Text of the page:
Hikmahanto Juwana, a professor of international law at Universitas Indonesia, stated that the Indonesian side supported the UN resolution calling on Russia to end its invasion of Ukraine. Hikmahanto was remorseful about this decision. “It is regretful that Indonesia chose the stance for four reasons,” Hikmahanto stated in a statement released on Thursday (3/3/2022). 

The first reason was Hikmahanto’s belief that Indonesia was in a position to assess the Russian invasion. According to Hikmahanto, Indonesia found that the Russian invasion was incorrect. “Indeed, two warring nations must have arguments based on the UN Charter and international law. One thing is certain: Russia will not proclaim itself to be carrying out an aggressive war or attacks on other nations’ territorial integrity “Hikmahanto stated.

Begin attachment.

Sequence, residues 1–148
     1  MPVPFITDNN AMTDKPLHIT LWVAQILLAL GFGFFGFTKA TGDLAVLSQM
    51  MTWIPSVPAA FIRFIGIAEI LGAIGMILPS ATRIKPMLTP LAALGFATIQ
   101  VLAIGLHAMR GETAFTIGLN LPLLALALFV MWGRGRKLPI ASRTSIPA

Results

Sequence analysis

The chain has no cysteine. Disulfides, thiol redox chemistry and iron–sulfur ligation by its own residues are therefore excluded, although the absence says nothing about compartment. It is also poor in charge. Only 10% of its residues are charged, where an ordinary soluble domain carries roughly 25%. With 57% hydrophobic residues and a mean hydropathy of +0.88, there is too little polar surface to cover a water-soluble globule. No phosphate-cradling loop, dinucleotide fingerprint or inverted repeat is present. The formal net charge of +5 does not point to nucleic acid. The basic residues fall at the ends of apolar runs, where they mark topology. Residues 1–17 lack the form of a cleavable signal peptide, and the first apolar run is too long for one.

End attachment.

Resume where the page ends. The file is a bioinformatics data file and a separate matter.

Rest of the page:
This is due to the prohibition against post-World War II aggression. According to Hikmahanto, war should be permitted only when sanctioned by the United Nations or in self-defense. “Second, being in a supporting posture implies that Indonesia is merely following the United States and its allies. As a nation with a free and active foreign policy, Indonesia should keep the same distance in the conflict between Ukraine and Russia “Hikmahanto said. 

According to Hikmahanto, Indonesia does not need to be involved in a disagreement between two nations that tend to side with Ukraine, such as the United States. “Third, Indonesia appears to have forgotten it’s recent history. In the past, Indonesia was in a similar position to Russia in terms of the status of East Timor” He stated. 

According to Hikmahanto, the Indonesian narrative at the time was that the people of East Timor wanted to join Indonesia. However, AS et al deemed it to be an act of annexation. “Finally,” Hikmahanto said, “the attitude chosen by the Indonesian representative at the United Nations is not in conformity with the President’s instructions.”